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What you are asking about here is the third element in the usual plot diagram of a well-written story: exposition, inciting incident, rising action, climax, falling action, resolution. In The Slave Dancer the rising action consists of all the events that happen after Jessie Bollier is kidnapped. Why? Because the kidnapping is the "incident" of the plot; therefore, everything after that incident and before the climax makes up the rising action.
Everything in the rising action has to do with the workings of Jessie Bollier as the "slave dancer" on a slave ship. In other words, he is the boy who plays the music for the slaves to "dance," which is just a fancy way of forcing the slaves up onto the deck to give them some exercise, sunshine, and cleaning. Jessie is disgusted by his "job." He hates it and finds slavery inhumane.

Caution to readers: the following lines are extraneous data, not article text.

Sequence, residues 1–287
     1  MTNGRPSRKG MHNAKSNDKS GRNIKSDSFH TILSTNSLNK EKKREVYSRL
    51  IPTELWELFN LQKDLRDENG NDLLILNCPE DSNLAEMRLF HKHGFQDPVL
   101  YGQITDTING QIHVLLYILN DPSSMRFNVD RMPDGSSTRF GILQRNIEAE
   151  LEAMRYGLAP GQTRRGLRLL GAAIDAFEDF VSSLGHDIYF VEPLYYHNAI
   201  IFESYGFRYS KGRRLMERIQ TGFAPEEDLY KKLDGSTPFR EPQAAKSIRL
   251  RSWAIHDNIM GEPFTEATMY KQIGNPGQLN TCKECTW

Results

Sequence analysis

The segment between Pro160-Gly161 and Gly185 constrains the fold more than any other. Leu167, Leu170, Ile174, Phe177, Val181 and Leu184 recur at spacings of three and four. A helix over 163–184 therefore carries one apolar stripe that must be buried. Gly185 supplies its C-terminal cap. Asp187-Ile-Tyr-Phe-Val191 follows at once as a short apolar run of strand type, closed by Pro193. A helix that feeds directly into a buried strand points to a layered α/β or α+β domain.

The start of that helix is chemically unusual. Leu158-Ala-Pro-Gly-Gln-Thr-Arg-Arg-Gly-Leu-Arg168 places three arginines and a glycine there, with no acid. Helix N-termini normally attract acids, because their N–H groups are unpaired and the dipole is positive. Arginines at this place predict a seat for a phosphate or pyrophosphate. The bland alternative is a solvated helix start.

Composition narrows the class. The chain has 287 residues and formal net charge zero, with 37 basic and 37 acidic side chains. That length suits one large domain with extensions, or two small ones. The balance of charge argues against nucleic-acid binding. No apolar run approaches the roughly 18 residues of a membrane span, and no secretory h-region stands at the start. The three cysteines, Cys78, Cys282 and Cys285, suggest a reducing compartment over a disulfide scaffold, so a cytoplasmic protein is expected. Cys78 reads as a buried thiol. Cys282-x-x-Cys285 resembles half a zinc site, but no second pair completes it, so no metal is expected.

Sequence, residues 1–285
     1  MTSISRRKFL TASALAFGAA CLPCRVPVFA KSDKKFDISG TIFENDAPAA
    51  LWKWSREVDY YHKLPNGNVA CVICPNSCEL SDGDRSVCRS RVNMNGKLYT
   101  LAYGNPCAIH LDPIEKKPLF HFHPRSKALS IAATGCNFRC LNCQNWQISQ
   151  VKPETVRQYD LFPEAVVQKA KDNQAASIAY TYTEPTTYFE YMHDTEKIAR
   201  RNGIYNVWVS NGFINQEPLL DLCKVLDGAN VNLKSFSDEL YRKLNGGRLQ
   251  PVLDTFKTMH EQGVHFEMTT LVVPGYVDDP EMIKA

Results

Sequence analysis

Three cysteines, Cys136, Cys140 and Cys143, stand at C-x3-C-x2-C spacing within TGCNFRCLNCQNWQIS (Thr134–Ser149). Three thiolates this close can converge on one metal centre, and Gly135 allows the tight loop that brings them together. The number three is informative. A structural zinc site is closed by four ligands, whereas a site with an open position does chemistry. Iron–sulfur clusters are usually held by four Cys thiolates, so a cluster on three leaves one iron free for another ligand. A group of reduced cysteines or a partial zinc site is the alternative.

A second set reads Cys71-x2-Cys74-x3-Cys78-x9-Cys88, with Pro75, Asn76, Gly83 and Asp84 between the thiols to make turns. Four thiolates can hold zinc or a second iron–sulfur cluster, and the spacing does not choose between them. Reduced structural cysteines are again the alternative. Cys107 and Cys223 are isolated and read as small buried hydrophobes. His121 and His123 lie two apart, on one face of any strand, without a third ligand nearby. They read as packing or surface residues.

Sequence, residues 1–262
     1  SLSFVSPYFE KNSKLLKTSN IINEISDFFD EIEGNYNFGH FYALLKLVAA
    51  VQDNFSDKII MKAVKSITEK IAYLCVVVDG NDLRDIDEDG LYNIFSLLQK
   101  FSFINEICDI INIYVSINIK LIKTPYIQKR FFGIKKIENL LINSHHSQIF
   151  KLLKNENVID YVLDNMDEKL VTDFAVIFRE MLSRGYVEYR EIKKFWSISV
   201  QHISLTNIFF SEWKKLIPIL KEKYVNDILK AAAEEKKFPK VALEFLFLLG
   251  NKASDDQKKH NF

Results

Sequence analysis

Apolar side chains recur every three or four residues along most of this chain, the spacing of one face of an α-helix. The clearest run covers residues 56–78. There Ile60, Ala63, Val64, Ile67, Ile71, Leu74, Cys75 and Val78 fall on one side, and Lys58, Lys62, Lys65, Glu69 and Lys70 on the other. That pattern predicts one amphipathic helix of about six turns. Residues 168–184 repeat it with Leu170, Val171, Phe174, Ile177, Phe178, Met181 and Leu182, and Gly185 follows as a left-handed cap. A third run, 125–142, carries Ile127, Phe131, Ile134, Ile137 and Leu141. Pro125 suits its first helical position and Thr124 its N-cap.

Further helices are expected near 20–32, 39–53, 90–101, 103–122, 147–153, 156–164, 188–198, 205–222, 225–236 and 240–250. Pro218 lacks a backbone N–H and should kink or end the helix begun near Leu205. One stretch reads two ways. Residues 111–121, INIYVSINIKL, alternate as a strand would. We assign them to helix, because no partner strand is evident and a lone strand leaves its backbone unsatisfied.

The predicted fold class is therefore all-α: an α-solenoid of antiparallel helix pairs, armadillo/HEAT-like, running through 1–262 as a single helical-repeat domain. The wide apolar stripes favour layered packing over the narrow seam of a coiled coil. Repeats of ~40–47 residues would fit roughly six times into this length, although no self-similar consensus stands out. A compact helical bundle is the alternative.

I hated what I did [playing the fife]. I tried to comfort myself with the thought that, at least, it gave them time out of the hold. But what was the point of that or anything else?
These thoughts and others are all part of the rising action. Most of this is the doings of the slave ship Moonlight and the horrible treatment by the captain and other shipmates. When Ras (a slave) and Jessie (the cabin boy) survive both an attack and a shipwreck, that ends the rising action for THAT is the climax! Everything else from there is falling action and resolution.
As you can see, the rising action is one part of the plot that often has many elements and often has a lot to do with suspense. This is because it leads to the climax of the story, in this case, the novel The Slave Dancer.
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